Greenwashing: ESAs Publish Final Reports

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ESMA, the EBA and EIOPA published their final reports on greenwashing in the financial sector today, following last year's interim reports (see here). They reiterated their common high-level...
European Union Environment
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ESMA, the EBA and EIOPA published their final reports on greenwashing in the financial sector today, following last year's interim reports (see here). They reiterated their common high-level understanding of greenwashing as:

"...a practice whereby sustainability-related statements, declarations, actions, or communications do not clearly and fairly reflect the underlying sustainability profile of an entity, a financial product, or financial services. This practice may be misleading to consumers, investors, or other market participants."

Key takeaways:

  • Clear increase in total number of potential greenwashing cases across all sectors from 2012 to 2023. Total number of alleged cases increased by 21.1% in all regions and by 26.1% in the EU when compared to 2022. Slight (6.8%) decline in the number of alleged cases in North America, which the EBA noted "can possibly be explained with the backlash in ESG matters and thus less reporting."
  • Greenwashing controversies remain amplified towards EU financial and banking institutions.
  • Environmental (landscape, ecosystem, biodiversity and climate) and social (impact on communities, employment conditions and local participation) related issues are the most prominent subjects of alleged greenwashing (37% and 33% respectively ). Alleged governance-related greenwashing cases also increased (but remained small in number).
  • 6 key economic sectors see the greatest concentration of greenwashing allegations: oil, gas and utilities, mining, industrial construction, food and beverage, household goods and the financial sector. The financial sector accounted for c16% of alleged greenwashing cases worldwide in 2023.
  • Reputational and operational risks are regarded as the financial risks most impacted by greenwashing (mirrored by the growing trend in greenwashing-related litigation). The EU financial sector saw a 13.6% annual increase in alleged greenwashing cases in 2023 – the three most common topics were climate change, impact on landscape and biodiversity, and impact on local communities.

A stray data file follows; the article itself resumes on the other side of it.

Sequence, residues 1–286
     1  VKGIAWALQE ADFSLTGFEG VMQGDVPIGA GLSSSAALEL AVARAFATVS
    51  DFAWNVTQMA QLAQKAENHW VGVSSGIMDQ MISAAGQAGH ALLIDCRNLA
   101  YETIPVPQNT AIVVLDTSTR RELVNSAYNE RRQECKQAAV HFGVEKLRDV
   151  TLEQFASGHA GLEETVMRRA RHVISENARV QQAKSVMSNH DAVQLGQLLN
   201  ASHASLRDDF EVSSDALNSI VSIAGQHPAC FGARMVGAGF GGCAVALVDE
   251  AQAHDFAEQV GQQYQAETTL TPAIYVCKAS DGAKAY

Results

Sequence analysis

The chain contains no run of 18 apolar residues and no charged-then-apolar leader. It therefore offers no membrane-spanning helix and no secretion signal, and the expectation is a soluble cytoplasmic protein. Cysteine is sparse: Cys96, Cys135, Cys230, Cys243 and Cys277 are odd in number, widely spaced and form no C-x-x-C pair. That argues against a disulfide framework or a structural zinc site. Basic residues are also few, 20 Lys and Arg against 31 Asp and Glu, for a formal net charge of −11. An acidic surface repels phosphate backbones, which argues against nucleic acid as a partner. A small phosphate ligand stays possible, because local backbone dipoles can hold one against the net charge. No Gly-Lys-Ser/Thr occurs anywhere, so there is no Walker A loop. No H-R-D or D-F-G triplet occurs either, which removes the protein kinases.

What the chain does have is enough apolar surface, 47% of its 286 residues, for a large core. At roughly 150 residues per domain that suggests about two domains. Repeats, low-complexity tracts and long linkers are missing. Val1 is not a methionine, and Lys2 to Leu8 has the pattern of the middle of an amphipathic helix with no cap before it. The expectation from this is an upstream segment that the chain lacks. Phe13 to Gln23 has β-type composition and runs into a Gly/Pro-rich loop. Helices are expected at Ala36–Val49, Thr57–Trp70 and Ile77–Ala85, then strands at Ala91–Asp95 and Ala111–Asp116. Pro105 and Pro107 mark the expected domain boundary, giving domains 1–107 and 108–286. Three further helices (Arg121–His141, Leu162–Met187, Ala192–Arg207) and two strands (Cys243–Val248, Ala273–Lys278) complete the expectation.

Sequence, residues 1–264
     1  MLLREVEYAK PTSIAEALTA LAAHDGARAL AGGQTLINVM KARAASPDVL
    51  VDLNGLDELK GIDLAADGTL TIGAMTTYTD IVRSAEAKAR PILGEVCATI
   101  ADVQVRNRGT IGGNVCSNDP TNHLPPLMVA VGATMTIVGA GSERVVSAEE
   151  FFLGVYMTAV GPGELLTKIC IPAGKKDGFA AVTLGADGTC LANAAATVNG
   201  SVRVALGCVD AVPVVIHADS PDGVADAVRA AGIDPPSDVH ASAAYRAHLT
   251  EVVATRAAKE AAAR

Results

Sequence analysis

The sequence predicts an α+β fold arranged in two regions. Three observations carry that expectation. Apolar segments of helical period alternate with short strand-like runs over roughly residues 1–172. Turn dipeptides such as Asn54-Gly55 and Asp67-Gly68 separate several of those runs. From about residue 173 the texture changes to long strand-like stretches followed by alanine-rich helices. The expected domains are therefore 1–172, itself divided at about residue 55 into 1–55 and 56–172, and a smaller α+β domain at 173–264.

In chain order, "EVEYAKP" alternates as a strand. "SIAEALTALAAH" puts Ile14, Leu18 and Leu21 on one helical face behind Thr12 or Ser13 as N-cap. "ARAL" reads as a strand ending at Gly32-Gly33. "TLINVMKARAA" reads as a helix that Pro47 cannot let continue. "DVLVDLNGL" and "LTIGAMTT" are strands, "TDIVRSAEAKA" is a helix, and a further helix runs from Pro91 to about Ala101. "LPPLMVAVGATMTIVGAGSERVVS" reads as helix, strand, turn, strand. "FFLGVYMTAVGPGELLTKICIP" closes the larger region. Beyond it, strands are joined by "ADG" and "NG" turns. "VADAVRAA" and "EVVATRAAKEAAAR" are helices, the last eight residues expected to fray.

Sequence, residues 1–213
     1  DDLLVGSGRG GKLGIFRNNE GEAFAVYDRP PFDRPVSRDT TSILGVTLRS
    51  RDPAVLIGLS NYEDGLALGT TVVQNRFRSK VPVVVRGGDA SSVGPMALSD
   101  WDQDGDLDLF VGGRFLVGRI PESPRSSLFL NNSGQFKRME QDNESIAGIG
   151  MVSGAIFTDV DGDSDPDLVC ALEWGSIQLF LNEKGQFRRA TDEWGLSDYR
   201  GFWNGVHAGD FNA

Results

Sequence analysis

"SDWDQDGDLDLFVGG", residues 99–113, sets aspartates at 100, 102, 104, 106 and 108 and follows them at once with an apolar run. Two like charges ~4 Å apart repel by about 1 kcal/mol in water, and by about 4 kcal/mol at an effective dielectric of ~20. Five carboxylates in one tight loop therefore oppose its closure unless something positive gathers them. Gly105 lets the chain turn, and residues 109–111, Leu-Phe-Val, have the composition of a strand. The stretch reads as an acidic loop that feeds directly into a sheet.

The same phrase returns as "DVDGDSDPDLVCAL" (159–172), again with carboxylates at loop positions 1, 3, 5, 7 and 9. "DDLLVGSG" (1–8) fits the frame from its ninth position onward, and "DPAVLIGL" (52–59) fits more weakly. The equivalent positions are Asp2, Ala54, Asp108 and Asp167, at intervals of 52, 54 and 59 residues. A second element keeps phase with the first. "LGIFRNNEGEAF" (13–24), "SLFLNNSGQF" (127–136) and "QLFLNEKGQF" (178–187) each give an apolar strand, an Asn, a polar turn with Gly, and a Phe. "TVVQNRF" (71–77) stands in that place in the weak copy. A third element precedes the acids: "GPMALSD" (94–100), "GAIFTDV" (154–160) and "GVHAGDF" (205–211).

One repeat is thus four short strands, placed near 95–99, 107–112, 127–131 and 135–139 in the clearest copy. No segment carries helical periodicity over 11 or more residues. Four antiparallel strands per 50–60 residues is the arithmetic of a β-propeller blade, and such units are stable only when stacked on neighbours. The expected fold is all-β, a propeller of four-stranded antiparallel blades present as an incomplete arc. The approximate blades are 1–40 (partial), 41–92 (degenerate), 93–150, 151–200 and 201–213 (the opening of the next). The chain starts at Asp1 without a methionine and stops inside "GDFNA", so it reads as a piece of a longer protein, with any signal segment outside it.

• Greenwashing (as a type of miscommunication / misconduct) can be captured by existing EU rules prohibiting misleading information, and by acting on breaches of recently-introduced specific sustainability-related requirements in EU law.
  • NCAs reporting detecting only a small number of actual or potential occurrences of greenwashing (this could be due to multiple factors). Formal enforcement decisions have also been limited – most issues have been addressed as part of overall supervisory relationships. However, most NCAs reported having insufficient resources, and almost unanimously identified access to data as a challenge in at least one sustainable investment value chain sector. Most are looking at using SupTech tools in the future to increase efficiency.

While the three reports (EBA, ESMA, EIOPA) set out steps the financial sector, the ESAs and NCAs should take to better address greenwashing, the ESAs haven't suggested wide-ranging legislative change. The EBA wants the focus to be on finalising and implementing existing initiatives, but did observe that "...developments on aspects that are relatively less regulated (transition finance, green- and sustainability-linked loans) or where specific issues have been identified (review of the [SFDR]) would contribute to the robustness of the regulatory framework". ESMA wants to see swift adoption of the SFDR Level 2-related changes to improve access to machine-readable SFDR disclosures (but several industry associations have lobbied against swift adoption until the Level 1 review is completed). ESMA is concerned that the planned changes to the EU Benchmarks Regulation will take all EU ESG benchmarks out of scope as each would be treated as a non-significant benchmark. In its report, EIOPA suggests amending existing laws to clarify what non-life insurance products with sustainability features are and the adoption of a more consumer-centric approach in the Insurance Distribution Directive. It plans to publish an SFDR-related opinion shortly which may suggest further changes. Our Insurance Group will publish its insights in the coming days.

This article contains a general summary of developments and is not a complete or definitive statement of the law. Specific legal advice should be obtained where appropriate.

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